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Writing a CV is all about trying to match the skills the employer has requested on the job posting, but there are also some hidden skills that you will rarely see an employer ask for. Knowing this little secret could be the key to getting your CV noticed amidst the hundreds of other applicants the hiring manager has to sort through.
Here are two important skills an employer wants to see on your CV, even though they have not requested them on the job advert.
No matter what the industry or role you’re applying for, an employer will always value an applicant who shows commercial awareness within their CV. This can be demonstrated in a number of ways – customer knowledge, trends in the market, the product or service, and so on.
If you already have this knowledge through prior work experience, then great! Make sure your CV oozes this awareness and uses the right jargon to clearly showcase your knowledge and expertise in the industry. If you don’t have the experience, you can still however create a commercially aware CV.
Conduct plenty of research into the company to find out who their customers are, what product or service they sell, what their goals are, and so on. Read social media feeds and website to gain a better understanding of how the business speaks with their customers, how they advertise, the company’s culture, and to get a good grasp of how they function.
With this kind of perspective you are in a much better position to write a CV that clearly shows you know what you’re talking about. Instantly the employer realises that lesser training will be needed, and you’re potentially someone who can walk straight into the job and get started.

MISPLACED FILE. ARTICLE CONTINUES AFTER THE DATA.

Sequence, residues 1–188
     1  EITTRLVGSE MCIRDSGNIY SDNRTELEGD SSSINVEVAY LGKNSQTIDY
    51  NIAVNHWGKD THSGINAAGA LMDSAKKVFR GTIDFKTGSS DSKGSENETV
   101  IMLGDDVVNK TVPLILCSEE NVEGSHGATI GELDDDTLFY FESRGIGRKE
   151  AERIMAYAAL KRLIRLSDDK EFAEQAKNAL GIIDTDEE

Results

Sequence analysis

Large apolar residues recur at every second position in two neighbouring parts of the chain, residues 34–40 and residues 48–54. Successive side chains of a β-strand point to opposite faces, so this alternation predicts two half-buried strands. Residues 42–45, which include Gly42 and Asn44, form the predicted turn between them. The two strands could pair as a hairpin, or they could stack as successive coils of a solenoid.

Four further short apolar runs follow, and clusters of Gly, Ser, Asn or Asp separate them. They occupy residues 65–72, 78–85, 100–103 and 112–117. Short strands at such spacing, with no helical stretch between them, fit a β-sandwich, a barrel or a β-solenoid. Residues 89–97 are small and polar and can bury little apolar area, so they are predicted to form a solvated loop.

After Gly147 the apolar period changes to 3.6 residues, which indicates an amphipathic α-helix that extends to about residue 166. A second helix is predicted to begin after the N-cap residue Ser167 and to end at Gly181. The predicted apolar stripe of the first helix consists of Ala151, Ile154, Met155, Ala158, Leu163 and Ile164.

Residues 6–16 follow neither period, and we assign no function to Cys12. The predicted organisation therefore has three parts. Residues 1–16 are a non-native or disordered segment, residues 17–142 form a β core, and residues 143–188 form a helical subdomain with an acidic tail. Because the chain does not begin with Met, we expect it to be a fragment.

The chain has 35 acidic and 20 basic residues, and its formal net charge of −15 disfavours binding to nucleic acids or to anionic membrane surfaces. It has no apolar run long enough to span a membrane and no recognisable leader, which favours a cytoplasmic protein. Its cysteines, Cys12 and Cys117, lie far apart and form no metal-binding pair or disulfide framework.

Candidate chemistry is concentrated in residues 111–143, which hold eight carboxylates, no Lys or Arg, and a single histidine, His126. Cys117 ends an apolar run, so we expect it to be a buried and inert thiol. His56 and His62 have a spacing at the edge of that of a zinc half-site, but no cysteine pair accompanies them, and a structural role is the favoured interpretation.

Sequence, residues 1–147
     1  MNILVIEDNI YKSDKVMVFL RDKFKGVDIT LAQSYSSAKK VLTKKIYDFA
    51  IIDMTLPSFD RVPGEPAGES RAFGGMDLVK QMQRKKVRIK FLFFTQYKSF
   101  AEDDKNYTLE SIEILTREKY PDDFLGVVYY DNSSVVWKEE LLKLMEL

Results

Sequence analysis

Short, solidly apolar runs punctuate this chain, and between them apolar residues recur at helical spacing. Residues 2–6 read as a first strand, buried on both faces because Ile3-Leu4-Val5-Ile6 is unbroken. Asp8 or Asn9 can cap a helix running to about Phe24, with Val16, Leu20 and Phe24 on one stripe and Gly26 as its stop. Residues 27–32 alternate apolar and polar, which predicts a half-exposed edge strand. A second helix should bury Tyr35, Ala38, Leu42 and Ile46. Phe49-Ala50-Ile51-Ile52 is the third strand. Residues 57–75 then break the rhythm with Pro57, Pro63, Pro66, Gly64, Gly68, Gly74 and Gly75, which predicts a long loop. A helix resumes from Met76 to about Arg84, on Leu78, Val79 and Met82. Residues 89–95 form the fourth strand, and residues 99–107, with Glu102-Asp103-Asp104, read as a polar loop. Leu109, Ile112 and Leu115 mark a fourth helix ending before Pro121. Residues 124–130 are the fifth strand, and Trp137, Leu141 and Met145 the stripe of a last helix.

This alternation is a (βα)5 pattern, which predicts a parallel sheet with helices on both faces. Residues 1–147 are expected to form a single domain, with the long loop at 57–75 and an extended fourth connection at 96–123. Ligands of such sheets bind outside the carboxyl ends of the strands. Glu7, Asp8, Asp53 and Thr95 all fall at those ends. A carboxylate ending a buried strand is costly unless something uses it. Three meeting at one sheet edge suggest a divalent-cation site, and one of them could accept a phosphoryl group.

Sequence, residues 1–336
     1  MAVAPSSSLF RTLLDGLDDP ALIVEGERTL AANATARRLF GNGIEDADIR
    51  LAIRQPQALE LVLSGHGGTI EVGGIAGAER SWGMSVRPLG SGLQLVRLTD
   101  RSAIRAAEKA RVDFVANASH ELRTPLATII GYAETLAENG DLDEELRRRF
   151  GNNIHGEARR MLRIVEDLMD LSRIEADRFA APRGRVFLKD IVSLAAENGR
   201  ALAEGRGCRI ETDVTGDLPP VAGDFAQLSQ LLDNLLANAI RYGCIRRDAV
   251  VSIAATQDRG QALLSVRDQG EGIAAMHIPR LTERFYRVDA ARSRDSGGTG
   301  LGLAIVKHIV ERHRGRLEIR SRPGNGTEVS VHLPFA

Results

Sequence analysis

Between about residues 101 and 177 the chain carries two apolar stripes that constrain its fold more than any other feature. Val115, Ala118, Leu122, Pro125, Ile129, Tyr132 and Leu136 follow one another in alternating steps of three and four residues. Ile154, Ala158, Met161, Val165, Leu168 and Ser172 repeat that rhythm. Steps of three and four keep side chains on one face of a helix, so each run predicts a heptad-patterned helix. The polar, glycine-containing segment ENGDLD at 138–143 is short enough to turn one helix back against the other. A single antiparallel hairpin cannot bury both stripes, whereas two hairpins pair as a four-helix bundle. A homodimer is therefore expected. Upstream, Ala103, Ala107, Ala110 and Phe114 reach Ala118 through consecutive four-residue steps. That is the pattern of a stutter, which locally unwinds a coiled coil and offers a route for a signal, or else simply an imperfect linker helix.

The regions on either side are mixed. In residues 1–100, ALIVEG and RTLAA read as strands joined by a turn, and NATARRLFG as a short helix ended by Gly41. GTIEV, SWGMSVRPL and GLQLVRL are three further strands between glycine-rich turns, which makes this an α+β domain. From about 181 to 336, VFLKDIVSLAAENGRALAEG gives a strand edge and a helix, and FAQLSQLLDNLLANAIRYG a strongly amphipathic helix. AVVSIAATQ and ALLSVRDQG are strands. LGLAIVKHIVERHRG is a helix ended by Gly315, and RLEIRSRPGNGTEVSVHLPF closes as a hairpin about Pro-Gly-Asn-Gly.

Pretty much every role you enter will have some kind of interaction with other co-workers, managers or departments. Typically you could assume ‘team working’ would mean around 4-6 people, or even more – and in some cases this may be true. However, even working with one other person for just a couple of hours a week would require you to have good team working skills.
If the role you’re applying for means you will be running solo most of the time, then maybe showcasing your team working skills is not of high priority. This doesn’t mean to say however you should completely remove all mentions of you working well with a team in the past, but it may not be at the forefront of your CV.
If however, as most people will find, that the role will require great team working skills because of the daily interaction between co-workers, then clearly demonstrating your team working abilities on your CV is a huge factor to consider.
Adding this skill to your CV doesn’t need to be done in such a way that it almost spells it out to the hiring manager, but instead can be subtle with lots of examples provided.
Explain certain projects you took part in that were successful, and detail how your interaction and working as a team brought you success. Be careful not to make it all about yourself though, as this will come across as arrogant and over confident. A great team player will contribute accordingly, listen to co-workers opinions and make joint decisions. Think about how you can incorporate these key points into your CV by using your work experience.